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From revolution to reconciliation

In a country divided, the Libyan Red Crescent has stayed whole and remained independent. But the road ahead will not be easy.

Did anyone in the Libyan Red Crescent see this uprising coming?
No one in January 2011 thought that in Libya, Tunisia and Egypt there would be such dramatic changes — not in our wildest dreams. However, we did our best, through our volunteers, to cope and respond. The volunteers were really ready and did an excellent job.

This is particularly true in terms of first aid and evacuation. We had mobilized our volunteers to go to the hospitals, where services had essentially collapsed. In Benghazi, there are very modern hospitals but many were operated by foreigners who left, fearing for their safety. It was a state of near chaos because the system had essentially failed.

How did the National Society react?
We set up a task force at headquarters. But during the second week, all communications were cut off. There was no internet, no cell phones. The lesson that we learned in such a situation is that we needed to have a system in place for better volunteer management. We had been dealing with volunteers in very traditional way. Now we realize that we need to go with a proper volunteer management system — better training on the code of conduct and providing insurance, protection and security.

Overall, the volunteers did a great job sticking to the principles of impartiality and neutrality. But the revolution was a revolution of youth. We tried to give them as much guidance as we could, telling them that “you need to separate your function as volunteer and wearing a Red Crescent uniform from your self as a young person excited about this change”.

What were the main dangers faced by volunteers?
We had many volunteers who were injured on the front line and who risked their lives and were shot at indiscriminately while driving ambulances.

And of course, we also had several volunteers who lost their lives during this conflict. One of our volunteers was killed while driving an ambulance that was hit by a missile. Another was a volunteer who was in a car accident. Another two volunteers from our Tripoli branch were killed in an area east of the capital known as Zliten. The information we have is that they were in the front line helping with evacuation.

What do you see as the major challenges the volunteers face now?
We need to support and rehabilitate our volunteers, who have been doing such a hard job for a long time. They were students or doctors or professionals before the conflict and now they need to be offered psychological support and redirected back into regular life.

Number two is addressing the divide in the National Society between those who on a personal level were pro-revolution and those who were pro-regime. So now, in the future, we need a kind of a national reconciliation.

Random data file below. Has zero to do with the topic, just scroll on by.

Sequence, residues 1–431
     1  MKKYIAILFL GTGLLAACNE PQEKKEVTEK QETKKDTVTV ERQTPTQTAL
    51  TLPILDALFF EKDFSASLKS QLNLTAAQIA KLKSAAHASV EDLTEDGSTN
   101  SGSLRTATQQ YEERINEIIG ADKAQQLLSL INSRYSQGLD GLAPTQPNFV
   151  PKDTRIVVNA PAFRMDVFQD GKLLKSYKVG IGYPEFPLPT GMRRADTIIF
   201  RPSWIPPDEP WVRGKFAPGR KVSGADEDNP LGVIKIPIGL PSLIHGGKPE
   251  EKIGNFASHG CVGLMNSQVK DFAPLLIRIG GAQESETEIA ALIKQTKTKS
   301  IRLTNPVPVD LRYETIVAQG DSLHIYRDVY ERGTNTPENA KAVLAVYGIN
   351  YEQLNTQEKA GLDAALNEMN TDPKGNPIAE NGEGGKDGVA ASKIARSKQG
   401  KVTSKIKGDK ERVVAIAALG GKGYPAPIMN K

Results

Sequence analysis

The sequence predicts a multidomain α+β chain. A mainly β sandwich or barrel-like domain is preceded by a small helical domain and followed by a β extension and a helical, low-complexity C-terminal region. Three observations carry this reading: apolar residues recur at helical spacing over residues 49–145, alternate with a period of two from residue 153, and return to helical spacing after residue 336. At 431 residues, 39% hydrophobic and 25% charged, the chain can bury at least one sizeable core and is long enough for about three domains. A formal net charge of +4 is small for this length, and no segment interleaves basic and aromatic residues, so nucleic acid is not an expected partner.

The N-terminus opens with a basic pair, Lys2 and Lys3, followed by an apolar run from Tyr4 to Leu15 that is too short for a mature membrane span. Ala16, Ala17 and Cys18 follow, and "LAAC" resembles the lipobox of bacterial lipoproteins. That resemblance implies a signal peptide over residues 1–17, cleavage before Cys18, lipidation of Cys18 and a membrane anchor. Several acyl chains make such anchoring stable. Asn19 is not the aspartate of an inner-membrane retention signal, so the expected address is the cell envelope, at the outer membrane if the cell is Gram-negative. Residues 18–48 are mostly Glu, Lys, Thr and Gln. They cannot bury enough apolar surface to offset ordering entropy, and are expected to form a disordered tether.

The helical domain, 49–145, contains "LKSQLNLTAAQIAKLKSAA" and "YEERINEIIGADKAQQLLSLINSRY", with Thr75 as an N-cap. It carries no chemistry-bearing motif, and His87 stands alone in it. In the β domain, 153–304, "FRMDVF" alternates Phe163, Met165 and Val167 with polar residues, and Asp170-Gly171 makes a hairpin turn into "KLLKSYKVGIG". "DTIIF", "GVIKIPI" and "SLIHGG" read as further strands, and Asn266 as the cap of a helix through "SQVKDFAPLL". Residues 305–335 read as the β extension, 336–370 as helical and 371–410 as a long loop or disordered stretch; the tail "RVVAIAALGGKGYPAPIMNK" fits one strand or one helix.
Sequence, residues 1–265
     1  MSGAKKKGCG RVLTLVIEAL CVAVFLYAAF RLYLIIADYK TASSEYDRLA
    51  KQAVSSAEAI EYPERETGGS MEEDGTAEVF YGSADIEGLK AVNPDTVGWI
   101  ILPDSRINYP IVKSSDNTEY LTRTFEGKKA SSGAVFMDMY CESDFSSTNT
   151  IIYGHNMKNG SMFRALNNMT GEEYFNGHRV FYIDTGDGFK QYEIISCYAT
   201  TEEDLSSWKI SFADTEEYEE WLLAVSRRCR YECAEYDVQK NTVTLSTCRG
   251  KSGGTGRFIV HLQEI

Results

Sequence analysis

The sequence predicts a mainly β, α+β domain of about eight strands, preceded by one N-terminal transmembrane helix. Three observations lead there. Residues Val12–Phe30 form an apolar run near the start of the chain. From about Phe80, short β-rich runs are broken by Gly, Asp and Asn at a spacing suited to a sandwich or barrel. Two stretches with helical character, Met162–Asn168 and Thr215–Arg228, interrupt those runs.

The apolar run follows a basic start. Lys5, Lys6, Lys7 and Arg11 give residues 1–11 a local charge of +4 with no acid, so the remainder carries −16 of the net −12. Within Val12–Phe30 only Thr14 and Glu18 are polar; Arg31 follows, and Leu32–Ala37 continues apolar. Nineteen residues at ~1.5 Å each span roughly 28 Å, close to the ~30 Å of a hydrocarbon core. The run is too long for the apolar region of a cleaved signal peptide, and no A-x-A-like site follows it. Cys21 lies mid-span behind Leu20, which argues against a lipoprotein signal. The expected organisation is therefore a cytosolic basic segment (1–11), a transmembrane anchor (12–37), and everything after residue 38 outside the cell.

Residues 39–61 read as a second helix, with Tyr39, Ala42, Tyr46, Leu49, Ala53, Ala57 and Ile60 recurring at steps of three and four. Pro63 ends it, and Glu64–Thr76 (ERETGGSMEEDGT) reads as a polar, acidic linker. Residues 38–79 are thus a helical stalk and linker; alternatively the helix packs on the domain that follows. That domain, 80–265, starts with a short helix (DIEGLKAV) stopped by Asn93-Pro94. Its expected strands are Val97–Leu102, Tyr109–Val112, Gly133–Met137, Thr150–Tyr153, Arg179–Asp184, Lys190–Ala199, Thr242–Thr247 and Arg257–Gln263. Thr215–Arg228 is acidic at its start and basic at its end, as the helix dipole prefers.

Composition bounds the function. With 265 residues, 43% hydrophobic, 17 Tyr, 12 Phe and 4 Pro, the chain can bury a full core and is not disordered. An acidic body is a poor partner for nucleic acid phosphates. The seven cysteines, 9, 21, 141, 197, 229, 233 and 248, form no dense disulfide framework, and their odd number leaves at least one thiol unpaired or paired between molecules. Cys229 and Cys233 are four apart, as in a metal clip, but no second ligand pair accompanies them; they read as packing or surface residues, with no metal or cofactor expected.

How do you keep the unity of a National Society during civil conflict?
We did in fact keep the unity of the National Society in a very difficult situation. Now, it’s less difficult, it’s a matter of just bringing people together and discussing.

One of the things we face are volunteers who could come and say, “We want to change the head of our branch, he is from the past.” I think we have no option but to deal with that. But we have a system in place for changing the head of branch and that system needs to be respected.

This Arab Spring is something we cannot ignore. But so far, the example has been that the volunteers themselves have defended the integrity of the National Society from outside interference.

At one point, some volunteers were given an audience with the chairman of the National Transition Council to talk about the integrity of the National Society and the way it independently appoints or dismisses people in key posts.

The volunteers in fact said, “No, we are independent and we have a General Assembly and at that point, we can decide if we are happy with someone and we keep him, or not.”

In the post-revolution period, what are the big challenges?
With the return of fighters, one of the big challenges is to rehabilitate them to normal life. After the election, another big challenge, in addition to the economy, is national reconciliation. I think the Red Crescent will have some role to play in terms of spreading the culture of non-violence, forgiveness and reconciliation. This will be quite a challenge. It’s not impossible, but not easy.

Muftah Etwilb
Photo: ©IFRC






Several anti-Gaddafi fighters, injured amid heavy shelling in Sirte, wait to be transported in Red Crescent helicopters from Ras Lanuf to Benghazi in September. Photo:©REUTERS/Esam Al-Fetori, courtesy





“I think the
Red Crescent
will have some
role to play in
terms of spreading
the culture of
forgiveness and
reconciliation. This
will be quite a
challenge. It’s
not impossible,
but not easy.”





A Libyan Red Crescent convoy brings medical aid and supplies for those displaced from the fighting in Sirte, eastern Libya, in October. Photo: ©REUTERS/Esam Al-Fetori, courtesy


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